Cooking fat and rendering lard

One of the problems of trying to produce all your own food is cooking fat. We do a lot of saute and stir fry; it seems like every thing I cook starts with saute an onion in olive oil. While I have two little olive trees, which have produced a few olives, I was baffled when I picked the olives to figure out where this olive oil might be. The olives produced a bit of whitish juice that did not much resemble olive oil. When the trees are larger perhaps with many more olives it will make some sense.

There are directions online for making a seed press from a hydraulic jack doing some welding.
http://journeytoforever.org/biofuel_library/oilpress.html.
You grind up your sunflower seeds, hull and all, and press. It would take a lot of sunflowers, though; a few plants yield a rather piddly amount of seeds. In a few years perhaps nuts will be a source.

We can make butter from the goat’s milk, but it’s not abundant (goat’s milk is naturally homogenized so you don’t get much) and we’d eat it up as butter rather than waste it on cooking.

I’ve rendered chicken (and turkey) fat but it has a sticky mouthfeel and a chicken flavor. It’s not impossible, just distracting. Lamb fat isn’t nice looking at all and doesn’t smell nice. I don’t even like it for soap making, the smell lingers.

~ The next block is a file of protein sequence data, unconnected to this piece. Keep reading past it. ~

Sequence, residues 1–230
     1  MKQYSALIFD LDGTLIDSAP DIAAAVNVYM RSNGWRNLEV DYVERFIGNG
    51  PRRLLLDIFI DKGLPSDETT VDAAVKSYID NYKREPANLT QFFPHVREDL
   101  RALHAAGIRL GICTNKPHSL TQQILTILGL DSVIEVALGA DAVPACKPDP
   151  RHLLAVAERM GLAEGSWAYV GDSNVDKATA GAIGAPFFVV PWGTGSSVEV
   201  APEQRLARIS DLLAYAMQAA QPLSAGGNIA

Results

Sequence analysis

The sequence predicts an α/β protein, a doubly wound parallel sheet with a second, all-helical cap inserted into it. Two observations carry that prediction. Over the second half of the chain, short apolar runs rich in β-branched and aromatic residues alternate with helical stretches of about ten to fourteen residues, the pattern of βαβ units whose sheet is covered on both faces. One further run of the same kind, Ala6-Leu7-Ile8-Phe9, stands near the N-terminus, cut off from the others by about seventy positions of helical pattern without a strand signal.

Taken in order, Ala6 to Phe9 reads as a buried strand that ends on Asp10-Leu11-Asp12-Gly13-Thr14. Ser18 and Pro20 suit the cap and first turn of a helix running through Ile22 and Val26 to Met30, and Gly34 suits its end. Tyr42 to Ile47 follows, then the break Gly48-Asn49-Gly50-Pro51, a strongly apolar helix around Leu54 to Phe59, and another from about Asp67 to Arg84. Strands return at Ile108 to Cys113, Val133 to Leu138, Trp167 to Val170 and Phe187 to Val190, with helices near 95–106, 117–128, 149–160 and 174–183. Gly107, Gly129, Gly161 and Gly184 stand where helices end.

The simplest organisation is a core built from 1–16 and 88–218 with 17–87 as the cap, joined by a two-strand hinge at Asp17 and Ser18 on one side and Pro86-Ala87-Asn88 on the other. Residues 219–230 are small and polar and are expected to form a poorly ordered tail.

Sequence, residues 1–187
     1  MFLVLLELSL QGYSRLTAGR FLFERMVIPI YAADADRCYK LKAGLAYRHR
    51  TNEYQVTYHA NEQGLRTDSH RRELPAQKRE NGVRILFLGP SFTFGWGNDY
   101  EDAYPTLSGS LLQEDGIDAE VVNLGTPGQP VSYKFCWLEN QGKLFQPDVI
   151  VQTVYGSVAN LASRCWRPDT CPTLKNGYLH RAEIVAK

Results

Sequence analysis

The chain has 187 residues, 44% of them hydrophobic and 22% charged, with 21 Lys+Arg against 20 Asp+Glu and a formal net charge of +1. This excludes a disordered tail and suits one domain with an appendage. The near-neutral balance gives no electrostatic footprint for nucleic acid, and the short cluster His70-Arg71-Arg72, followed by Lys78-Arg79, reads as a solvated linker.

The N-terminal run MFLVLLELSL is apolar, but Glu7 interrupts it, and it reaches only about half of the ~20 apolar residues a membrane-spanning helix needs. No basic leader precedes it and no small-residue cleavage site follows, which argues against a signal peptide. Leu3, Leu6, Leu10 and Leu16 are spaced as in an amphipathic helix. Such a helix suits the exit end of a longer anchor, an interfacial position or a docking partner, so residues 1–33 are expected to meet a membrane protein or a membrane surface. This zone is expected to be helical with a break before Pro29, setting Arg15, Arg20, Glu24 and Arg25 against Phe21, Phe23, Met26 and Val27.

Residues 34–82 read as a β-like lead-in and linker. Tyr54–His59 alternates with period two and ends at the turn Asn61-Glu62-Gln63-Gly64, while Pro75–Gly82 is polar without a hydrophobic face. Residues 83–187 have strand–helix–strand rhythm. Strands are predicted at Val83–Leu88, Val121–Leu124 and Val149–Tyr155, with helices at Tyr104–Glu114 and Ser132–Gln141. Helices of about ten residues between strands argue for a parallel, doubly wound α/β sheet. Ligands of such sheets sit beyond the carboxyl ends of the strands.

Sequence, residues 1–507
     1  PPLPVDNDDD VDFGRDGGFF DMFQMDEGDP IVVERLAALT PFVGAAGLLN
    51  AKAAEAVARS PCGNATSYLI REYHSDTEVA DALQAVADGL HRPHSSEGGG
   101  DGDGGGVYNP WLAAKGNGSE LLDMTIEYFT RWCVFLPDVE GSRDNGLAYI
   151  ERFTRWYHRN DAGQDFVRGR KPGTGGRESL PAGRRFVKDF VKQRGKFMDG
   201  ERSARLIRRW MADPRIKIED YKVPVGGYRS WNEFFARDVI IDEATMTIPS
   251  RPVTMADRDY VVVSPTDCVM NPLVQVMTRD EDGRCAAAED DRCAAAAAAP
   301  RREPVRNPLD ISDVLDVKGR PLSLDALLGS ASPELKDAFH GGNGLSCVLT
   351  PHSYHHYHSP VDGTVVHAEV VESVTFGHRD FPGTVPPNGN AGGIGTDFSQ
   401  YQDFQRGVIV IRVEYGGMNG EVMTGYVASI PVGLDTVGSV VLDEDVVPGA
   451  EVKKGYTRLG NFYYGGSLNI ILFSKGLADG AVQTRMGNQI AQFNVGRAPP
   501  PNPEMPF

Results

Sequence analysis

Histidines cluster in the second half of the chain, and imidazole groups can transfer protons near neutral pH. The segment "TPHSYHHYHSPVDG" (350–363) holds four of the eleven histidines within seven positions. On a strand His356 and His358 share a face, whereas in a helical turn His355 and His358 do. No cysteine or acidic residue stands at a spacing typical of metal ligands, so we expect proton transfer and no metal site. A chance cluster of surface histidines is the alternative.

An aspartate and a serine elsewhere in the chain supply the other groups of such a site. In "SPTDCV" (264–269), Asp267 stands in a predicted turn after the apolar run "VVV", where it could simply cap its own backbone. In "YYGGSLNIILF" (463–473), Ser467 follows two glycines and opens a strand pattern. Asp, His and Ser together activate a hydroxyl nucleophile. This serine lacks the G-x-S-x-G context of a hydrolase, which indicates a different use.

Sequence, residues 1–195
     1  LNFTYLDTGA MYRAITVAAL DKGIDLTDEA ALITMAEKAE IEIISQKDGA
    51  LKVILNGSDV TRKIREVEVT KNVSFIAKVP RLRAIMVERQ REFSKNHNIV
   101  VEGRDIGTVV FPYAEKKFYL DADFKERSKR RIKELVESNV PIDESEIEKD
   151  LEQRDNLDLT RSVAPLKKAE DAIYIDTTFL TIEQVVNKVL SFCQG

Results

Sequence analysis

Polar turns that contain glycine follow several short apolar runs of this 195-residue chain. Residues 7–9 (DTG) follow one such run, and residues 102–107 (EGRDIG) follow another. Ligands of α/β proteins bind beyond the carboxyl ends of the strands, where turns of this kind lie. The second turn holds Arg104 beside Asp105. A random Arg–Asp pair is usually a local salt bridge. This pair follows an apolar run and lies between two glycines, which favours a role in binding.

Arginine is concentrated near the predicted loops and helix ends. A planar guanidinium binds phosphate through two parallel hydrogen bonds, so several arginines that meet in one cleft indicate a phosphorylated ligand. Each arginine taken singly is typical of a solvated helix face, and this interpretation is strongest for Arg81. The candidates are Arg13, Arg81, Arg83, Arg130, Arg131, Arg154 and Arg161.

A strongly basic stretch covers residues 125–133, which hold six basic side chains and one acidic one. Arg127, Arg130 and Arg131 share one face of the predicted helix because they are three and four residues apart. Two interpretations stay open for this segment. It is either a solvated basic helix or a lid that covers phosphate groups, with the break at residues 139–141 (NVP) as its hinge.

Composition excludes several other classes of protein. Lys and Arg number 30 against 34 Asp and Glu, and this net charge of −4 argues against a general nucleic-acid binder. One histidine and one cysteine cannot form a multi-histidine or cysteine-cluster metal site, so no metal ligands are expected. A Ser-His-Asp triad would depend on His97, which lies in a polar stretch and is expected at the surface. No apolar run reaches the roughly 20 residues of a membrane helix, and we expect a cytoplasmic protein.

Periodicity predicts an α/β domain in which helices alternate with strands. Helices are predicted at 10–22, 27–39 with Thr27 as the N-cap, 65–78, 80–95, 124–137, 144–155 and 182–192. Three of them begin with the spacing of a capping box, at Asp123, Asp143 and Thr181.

But lard may be a good solution. This weekend I pulled out 10 or 15 pounds of pork fat trimmings that the butcher returned with our half-pig (not all from our half; apparently most people just let the fat be thrown away). I ground it up to extract the fat, lard. I’m quite impressed with how friendly this fat is; it’s barely solid at refrigerator temperature, has little flavor, no stickiness. I got several gallons and froze much of it. I hear you can make the best piecrusts from lard. I heard that about chicken fat too, but I couldn’t picture an apple pie with chicken-flavored crust. The lard might actually work.

I tried continuing the rendering process to make cracklings. This resulted in lard with a caramelized fragrance, a nice flavor for savory food but not for piecrust. It also resulted in a lot of unpleasant fatty cracklings. Perhaps I’m not doing it right but it wasn’t worth it.

While it’s hard to imagine us raising regular pigs (mature pigs grow to over 1000lbs), there is a endangered heritage breed of pig that says pretty small (topping out about 250lbs) and are more adaptable to pasture. Traditional pigs put on a lot of fat, since the lard was a very desirable yield back before Crisco. Modern pigs are bred to be leaner (and per “Animals in Translation” lean pigs are also nervous and poor breeders). So an old breed, bred to be fat and peaceful and easy to keep, and smaller, bred for the old-fashioned multi-purpose farm…. it might be perfect again for the New Peasant.